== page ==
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“First, do no harm” is an oft-quoted principle in clinical medicine, one of the promises made by newly trained doctors in the Hippocratic Oath. It was sadly forgotten by the drafters of the National Health Insurance (NHI) Bill, under consideration in parliament.
Far from improving access to health care while providing financial protection from its costs, as envisaged in the bill’s stated aim, the “single payer” strategy adopted by the government will unnecessarily raise costs, duplicate bureaucracies, disrupt health financing flows and impose over-reaching control by Pretoria of local health services.
Universal health coverage is an entirely sensible social goal. It is best approached by building on the strengths of existing service delivery and administrative capacity while progressively introducing uniform standards of care, a common benefit package and reimbursement arrangements that can accommodate diverse public and private service providers.
Instead of building on and enhancing our medical schemes and their administration, provincial management capacity and decentralised supply networks, the bill proposes replacing or reducing their respective roles. Medical schemes will be subjected to a complete reversal of their statutory responsibilities. Whereas they are now obliged in law to cover the costs of prescribed minimum benefits, the NHI Bill proposes that they be barred from covering services reimbursed by the NHI Fund. This is an astonishingly aggressive attack on arrangements subject to effective statutory regulation through the 1998 Medical Schemes Act.
The 2019 Health Market Inquiry rightly proposed a different approach: the introduction of a single, comprehensive, standardised base benefit option, which must be offered by all schemes. This is how many other countries have achieved equitable, universal coverage in a multi-payer health insurance system, and it is the obvious way forward for SA with its well-established regulated medical scheme industry.
Instead of expanding coverage through existing administrative capacity, the NHI Bill seeks to eviscerate our established medical schemes by narrowing their role to “complementary” services not reimbursable by the fund. It proposes the establishment of an entirely new state entity to operate a national health patient registration system, disburse a consolidated health budget, reimburse service providers and purchase health services for everyone. Or not quite everyone. The bill will not apply to members of the defence force or the state security agency.
In respect of provincial health services, the NHI Bill is similarly destructive. Instead of collaboration with provincial departments and the office of health standards compliance to tackle identified administrative shortcomings, a new category of national entities called district health management offices will be established, together with “contracting units for primary health care” that will manage disbursement of funds to public and private health service providers in demarcated subdistricts throughout the country. The tertiary referral hospitals that are the flagship health facilities of provincial departments will become national government components.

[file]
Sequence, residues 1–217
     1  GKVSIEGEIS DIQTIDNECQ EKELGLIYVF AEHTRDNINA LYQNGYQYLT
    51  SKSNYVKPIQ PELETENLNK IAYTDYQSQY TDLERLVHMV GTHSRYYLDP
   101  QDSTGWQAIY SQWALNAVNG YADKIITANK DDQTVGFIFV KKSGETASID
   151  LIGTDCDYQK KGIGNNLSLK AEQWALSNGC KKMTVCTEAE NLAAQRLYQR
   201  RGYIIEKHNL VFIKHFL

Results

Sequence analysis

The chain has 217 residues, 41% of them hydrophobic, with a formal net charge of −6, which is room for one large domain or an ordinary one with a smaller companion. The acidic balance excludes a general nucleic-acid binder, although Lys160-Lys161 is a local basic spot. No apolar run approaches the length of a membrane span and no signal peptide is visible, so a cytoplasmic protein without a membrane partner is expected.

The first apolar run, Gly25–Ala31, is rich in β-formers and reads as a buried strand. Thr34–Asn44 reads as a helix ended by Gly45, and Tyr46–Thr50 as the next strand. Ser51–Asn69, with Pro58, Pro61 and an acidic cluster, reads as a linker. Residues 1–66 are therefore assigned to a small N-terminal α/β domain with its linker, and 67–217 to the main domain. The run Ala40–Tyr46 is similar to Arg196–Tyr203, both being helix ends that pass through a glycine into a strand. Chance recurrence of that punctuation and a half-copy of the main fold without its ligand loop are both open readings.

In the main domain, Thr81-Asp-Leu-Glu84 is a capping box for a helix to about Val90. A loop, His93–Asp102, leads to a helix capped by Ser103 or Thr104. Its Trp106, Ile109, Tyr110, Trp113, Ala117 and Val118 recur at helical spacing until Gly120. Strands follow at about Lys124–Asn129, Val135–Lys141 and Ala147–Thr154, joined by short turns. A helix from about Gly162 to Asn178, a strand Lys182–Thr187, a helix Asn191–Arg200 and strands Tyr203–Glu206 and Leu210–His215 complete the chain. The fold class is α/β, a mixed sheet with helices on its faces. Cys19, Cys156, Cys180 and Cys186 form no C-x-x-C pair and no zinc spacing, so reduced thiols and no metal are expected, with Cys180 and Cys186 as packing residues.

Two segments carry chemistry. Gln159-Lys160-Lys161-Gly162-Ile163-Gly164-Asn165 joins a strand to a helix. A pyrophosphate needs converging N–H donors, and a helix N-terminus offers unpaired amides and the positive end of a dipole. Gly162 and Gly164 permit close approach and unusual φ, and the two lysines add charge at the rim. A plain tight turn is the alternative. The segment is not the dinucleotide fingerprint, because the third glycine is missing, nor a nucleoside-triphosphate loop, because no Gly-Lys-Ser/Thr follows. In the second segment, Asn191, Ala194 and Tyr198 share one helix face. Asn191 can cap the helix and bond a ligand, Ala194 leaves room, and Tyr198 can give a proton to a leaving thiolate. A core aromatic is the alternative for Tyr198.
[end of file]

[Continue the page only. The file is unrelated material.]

The NHI Fund will establish an office of health products procurement with responsibility for purchasing medicines, medical devices and equipment, operating at district level through the district health management office. No role of provincial health departments is envisaged.
The costs of all this bureaucratic re-engineering will be extensive — and then there is the terrifying prospect of a monopoly state fund taking over a large but unquantified share of the reimbursement flows that medical schemes administer.
There is much that could be done to improve competition, reduce costs and streamline administration in our private health sector and its financing arrangements. But instead, the NHI Bill proposes that the Competition Act should not apply to “any transactions” concluded in terms of its provisions.
If competition is not envisaged in price determination, a structured process of negotiations between purchasers and providers has to be governed by law. This relates not just to tariffs, but to question of value, risk sharing and outcomes measures, on which the Health Market Inquiry offered several suggestions. But the NHI Bill takes a simpler view. The minister will appoint a health-care benefits pricing committee. “The committee must recommend the prices of health service benefits to the fund.” Thirteen words, and no more.
The national health department has opted for a highly centralised, costly and impractical approach to promoting universal coverage. The NHI Bill is not grounded in empirical analysis, an appreciation of established capacity, a review of options, or considered engagement between interested parties. It reflects undue confidence in central state capacity, denial of the costs and complexity of comprehensive health services, and an irrational commitment to replace rather than complement, to control rather than partner with, our established health financing institutions.
It should be referred back by the portfolio committee, for consideration by an expert group with both public and private sector health financing experience.
• Donaldson is with the Southern Africa Labour & Development Research Unit at the University of Cape Town.
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Published by Arena Holdings and distributed with the Financial Mail on the last Thursday of every month except December and January.